Once home to the influential Dutch newspaper Het Vrije Volk (The Free People), is turned to this new design boutique hotel by the Dutch interior designer HDVL Design makers. From 1952 till 1976 that the newspaper was closed, the building served as a hub to the leftist movement in the country. Afterwards, it started deteriorating to the point that was abandoned, Then, it was commissioned to HDVL to transform it to a Tribute Portfolio Hotel, one of the Marriott boutique hotel branches.
The concept was inspired by the rich history of the building associated with the newsroom. The challenge, however, was to respect the anti-capitalism nature of the movement inspired right from this building while designing a quite luxury hotel. The designers did this by creating a thoughtful balance between the past history and the future wishes. What connected both were the freedom and hopeful spirit and authenticity of 1950’; the post war era that promised a bright future ignited by technology development. The interior, therefore, celebrates colors and patterns. Shiny warm metal finishes invite guests and locals to come in and interact in the revived hub for future thoughts. Bar is the central feature, visible from outside, with seats in three different levels to connect inside and outside.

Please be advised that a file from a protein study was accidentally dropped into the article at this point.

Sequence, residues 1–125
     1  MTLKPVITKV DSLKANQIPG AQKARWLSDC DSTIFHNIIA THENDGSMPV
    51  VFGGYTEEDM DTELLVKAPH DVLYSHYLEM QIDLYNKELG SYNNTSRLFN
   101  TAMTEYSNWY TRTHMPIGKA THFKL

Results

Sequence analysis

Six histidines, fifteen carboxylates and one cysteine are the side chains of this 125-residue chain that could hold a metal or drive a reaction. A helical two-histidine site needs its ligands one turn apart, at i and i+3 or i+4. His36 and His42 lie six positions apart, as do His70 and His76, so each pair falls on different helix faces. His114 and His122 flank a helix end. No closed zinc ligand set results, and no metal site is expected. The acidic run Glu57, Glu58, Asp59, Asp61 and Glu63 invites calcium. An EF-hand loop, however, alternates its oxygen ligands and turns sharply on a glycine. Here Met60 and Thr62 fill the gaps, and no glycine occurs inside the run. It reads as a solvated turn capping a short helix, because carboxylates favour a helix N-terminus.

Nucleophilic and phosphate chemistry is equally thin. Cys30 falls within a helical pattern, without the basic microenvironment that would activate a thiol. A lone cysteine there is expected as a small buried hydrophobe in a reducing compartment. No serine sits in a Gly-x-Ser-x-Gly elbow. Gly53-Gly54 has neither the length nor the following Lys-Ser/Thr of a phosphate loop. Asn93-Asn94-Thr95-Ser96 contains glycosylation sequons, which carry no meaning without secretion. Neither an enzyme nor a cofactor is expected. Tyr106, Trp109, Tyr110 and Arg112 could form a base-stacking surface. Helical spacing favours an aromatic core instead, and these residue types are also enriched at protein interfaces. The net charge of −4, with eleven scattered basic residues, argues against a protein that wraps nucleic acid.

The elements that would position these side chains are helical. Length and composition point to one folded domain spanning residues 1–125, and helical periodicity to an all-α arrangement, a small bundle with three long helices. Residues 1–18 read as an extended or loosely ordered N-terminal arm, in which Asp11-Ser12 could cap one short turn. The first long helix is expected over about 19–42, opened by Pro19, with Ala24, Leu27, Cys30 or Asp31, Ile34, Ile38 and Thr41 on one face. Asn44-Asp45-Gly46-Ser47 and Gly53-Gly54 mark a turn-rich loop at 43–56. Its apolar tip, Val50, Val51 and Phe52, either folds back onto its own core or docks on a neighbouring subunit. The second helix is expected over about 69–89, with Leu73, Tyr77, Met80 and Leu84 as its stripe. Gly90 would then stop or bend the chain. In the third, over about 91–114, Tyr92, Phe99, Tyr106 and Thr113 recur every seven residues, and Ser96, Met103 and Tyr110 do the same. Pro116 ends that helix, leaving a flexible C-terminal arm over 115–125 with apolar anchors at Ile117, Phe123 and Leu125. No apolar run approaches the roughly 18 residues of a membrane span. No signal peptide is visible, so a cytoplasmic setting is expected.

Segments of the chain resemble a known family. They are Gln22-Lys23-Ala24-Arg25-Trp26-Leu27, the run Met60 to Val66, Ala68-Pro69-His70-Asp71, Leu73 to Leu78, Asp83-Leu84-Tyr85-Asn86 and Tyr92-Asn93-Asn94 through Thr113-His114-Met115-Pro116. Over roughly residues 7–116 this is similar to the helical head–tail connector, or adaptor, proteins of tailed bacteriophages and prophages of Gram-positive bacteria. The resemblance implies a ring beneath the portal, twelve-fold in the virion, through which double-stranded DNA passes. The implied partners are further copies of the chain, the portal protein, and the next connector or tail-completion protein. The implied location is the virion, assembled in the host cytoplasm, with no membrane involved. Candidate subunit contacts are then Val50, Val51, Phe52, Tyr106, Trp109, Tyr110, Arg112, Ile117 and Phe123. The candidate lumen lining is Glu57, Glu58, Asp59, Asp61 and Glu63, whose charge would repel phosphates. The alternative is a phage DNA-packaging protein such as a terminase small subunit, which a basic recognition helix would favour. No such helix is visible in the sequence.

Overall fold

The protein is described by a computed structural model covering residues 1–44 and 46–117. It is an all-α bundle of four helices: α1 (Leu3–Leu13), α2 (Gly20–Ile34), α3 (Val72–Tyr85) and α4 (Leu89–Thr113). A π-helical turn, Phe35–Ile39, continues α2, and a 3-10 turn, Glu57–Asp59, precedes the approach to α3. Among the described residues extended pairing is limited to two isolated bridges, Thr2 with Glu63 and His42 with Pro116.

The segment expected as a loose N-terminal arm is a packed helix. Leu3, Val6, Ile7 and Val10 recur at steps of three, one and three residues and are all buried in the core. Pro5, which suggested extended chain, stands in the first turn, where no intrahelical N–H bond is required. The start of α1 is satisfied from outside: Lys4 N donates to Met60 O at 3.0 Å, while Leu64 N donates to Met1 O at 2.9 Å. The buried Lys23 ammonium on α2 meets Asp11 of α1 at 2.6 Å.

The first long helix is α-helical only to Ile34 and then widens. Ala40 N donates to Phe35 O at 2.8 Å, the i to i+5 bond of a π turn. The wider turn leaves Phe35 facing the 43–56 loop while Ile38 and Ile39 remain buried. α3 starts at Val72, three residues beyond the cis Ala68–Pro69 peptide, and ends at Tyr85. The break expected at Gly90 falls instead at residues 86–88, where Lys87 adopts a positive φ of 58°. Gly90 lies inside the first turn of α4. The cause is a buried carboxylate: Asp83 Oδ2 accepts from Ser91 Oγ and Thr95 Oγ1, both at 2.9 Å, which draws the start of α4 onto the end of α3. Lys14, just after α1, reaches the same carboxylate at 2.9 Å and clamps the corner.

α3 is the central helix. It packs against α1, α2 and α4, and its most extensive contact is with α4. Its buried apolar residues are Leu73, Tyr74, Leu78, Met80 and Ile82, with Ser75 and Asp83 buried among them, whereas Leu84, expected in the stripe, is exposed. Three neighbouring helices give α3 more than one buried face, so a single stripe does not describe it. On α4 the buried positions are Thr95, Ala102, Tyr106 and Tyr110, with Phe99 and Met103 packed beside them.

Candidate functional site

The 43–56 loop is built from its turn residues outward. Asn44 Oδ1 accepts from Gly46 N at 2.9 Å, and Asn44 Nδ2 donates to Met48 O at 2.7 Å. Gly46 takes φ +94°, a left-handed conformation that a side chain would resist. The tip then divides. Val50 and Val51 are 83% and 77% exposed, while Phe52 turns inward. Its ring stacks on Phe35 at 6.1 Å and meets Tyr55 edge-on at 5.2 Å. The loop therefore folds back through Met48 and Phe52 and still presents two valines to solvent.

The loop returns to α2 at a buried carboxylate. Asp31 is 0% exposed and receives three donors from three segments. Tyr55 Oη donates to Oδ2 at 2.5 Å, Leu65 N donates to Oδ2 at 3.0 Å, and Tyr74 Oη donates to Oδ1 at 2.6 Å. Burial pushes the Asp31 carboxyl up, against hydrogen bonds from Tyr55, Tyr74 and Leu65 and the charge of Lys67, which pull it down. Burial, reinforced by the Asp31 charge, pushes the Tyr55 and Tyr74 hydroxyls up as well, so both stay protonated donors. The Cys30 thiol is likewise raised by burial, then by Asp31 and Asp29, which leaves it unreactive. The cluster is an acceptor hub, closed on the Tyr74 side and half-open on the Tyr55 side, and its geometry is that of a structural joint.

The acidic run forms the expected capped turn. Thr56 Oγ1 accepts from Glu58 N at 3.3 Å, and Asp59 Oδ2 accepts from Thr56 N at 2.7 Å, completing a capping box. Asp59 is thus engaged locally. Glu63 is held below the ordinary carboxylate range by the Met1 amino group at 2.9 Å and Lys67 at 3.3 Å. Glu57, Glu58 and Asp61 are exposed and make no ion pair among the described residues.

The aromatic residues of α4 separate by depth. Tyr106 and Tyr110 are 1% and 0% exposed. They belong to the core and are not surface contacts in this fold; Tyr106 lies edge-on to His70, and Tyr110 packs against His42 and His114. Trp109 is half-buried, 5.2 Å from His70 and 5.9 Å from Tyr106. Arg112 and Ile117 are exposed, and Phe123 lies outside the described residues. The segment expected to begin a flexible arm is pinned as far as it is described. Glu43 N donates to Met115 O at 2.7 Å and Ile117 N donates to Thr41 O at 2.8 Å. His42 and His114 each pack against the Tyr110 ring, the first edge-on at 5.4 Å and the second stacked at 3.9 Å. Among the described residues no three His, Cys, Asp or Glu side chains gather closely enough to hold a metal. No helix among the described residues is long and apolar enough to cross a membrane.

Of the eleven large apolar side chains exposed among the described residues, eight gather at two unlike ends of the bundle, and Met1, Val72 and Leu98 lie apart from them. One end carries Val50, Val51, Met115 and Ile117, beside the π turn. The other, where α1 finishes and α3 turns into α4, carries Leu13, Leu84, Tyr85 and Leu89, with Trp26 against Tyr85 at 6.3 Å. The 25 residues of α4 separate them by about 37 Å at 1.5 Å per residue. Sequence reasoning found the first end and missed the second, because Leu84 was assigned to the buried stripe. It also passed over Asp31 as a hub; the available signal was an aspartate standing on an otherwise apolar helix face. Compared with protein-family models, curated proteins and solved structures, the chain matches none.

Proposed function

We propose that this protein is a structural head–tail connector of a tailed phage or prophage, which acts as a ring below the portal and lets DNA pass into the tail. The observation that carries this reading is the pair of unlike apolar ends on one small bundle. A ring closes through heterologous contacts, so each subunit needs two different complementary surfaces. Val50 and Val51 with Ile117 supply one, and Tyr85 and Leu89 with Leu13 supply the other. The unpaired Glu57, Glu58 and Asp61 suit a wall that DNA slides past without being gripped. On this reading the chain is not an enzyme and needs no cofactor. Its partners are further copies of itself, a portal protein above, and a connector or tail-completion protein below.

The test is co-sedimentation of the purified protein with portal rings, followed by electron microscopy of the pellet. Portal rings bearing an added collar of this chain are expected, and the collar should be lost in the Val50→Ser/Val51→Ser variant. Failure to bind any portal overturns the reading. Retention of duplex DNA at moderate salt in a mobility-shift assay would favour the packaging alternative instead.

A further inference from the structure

There is no traditional lobby-restaurant layout. Guests are attending a workshop in-between reception, bar and show kitchen. Everywhere that you sit, you have a full view of what is going on surrounding you, guests who check-in, locals who come in for a few drinks and dinners. The guest room design is inspired by the art movement of the mid-century. A quirky residential style space that features handmade furniture. The desk is in the center to celebrate writing. It takes us to a journey back to a loft in mid-century, while providing all the advantages of now.
Different corners for sleeping, writing and communicating and relaxing make a very diverse space in the same room; form follows function but in a new way.
Materials are big part of the story; shiny and colorful vs. rough and grey. And lighting accentuates this contrast. The result is a room that guests would enjoy staying and be creative rather than turning on the TV the first moment they arrive.